Steve is the Head of ESG Assurance in our Audit and Assurance practice for our UK and North and South Europe partnership. Steve is a chartered accountant and has extensive experience in audit, internal audit and regulatory implementation programs. He has worked with a wide range of companies across all major industries, having developed a thorough technical understanding of products and control practices for non-financial risk management. Steve has significant experience in partnering engagements for the provision of ISAE 3000 / 3410 independent assurance over sustainability information and in relation to the sufficiency of design and operating effectiveness of processes and controls to report on non-financial information.
Mark is a Partner in our Regulatory Assurance team. He is our AI Assurance, Internet Regulation and Global Algorithm Assurance Leader with 20 years of experience across financial services audit and assurance, regulatory compliance, regulatory investigations and disputes. He has led the development of our assurance practice as it relates to our approach to assisting firms gain confidence over their algorithmic and AI systems and processes. He has a particular sub-sector specialism in the area of algorithmic trading with varied experience supporting firms enhance their governance and control environments, as well as investigate and validate such systems. More recently he has supported and led our work across a number of emerging AI assurance related engagements.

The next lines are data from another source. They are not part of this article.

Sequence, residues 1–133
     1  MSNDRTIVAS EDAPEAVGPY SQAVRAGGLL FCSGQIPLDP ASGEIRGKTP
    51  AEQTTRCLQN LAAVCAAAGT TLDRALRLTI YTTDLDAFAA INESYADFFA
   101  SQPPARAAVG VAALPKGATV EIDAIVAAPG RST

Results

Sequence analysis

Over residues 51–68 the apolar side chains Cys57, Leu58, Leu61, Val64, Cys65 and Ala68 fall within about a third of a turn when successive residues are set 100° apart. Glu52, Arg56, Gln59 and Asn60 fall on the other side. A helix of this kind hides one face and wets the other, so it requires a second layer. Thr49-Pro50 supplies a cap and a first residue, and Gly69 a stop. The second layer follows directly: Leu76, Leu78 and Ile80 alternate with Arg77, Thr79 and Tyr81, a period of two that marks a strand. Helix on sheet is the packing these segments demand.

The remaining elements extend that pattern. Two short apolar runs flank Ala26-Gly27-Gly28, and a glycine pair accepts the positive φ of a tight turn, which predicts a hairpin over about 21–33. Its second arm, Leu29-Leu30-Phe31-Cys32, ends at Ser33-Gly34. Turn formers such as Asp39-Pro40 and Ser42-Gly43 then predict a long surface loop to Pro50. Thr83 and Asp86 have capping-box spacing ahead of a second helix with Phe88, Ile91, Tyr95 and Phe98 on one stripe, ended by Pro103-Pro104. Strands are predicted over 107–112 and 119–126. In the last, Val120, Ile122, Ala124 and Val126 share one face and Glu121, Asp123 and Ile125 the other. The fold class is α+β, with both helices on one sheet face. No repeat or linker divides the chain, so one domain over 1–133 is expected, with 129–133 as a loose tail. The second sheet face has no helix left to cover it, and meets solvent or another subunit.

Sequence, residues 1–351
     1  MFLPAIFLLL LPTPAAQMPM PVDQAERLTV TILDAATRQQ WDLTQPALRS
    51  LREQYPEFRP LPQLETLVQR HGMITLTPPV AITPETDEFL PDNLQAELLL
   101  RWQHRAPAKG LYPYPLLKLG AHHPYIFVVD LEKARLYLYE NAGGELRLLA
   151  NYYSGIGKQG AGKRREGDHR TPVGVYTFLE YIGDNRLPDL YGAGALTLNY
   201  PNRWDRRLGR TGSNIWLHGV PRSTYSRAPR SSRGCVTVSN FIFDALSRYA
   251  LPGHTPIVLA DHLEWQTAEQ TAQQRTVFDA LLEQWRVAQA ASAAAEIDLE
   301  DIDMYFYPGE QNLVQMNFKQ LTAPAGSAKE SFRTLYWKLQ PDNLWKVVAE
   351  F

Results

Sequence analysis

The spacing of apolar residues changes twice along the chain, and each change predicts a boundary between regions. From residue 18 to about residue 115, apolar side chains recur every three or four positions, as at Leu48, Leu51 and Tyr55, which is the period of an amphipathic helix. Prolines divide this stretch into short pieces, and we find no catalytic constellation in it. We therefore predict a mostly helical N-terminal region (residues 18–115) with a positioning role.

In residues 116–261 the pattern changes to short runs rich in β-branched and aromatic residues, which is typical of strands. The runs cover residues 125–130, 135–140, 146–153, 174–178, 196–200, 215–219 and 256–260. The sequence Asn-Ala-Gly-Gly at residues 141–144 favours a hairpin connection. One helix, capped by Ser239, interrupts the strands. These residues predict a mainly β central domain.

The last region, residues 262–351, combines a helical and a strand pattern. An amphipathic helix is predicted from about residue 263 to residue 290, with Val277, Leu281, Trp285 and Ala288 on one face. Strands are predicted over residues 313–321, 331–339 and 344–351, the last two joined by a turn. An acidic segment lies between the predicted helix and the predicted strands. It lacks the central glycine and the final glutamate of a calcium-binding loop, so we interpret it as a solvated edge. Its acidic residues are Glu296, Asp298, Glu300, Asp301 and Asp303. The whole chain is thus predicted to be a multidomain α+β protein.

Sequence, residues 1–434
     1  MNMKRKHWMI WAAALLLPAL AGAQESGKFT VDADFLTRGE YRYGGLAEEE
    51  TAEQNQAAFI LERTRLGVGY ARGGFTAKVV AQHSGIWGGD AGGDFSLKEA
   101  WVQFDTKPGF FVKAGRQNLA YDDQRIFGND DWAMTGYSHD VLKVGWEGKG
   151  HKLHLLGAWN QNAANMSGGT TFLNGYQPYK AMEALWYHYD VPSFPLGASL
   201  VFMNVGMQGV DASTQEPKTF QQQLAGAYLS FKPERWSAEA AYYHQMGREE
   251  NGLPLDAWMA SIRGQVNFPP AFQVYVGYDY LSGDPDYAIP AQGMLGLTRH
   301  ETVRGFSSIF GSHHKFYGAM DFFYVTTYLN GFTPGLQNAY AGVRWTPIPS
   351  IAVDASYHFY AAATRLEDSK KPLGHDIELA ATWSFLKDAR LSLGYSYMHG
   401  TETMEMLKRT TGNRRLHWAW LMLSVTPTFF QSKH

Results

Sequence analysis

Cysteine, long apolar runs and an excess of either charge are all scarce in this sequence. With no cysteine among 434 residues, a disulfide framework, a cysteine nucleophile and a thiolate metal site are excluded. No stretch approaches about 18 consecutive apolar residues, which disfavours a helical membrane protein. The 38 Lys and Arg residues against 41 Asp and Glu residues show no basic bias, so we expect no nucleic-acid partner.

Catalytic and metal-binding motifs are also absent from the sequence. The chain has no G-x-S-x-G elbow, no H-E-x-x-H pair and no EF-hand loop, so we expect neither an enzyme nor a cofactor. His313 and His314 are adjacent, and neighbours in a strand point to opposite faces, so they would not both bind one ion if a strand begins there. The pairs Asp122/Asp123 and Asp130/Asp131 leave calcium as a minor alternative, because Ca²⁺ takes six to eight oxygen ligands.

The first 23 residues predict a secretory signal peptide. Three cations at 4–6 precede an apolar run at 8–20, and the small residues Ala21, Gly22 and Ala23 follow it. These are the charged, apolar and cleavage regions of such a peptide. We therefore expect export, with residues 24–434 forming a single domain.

Rickesh is a Senior Manager in our Banking & Capital Markets Audit Group in London and leads our Benchmark Advisory and Assurance work in the UK. Rickesh has extensive experience working with large multi-national financial institutions focussed on financial benchmark reform such as LIBOR, front to back controls frameworks and implementation, market abuse regulations, IOSCO principles for financial benchmarks and compliance with EU Benchmark Regulation.
Henry is a Senior Manager within Markets Assurance & Advisory based in London, with experience in benchmark reform; the EU Benchmarks Regulation; Front Office controls and FIC business management. In recent years he has worked in investment banks focusing on large scale regulatory change and control implementation programmes.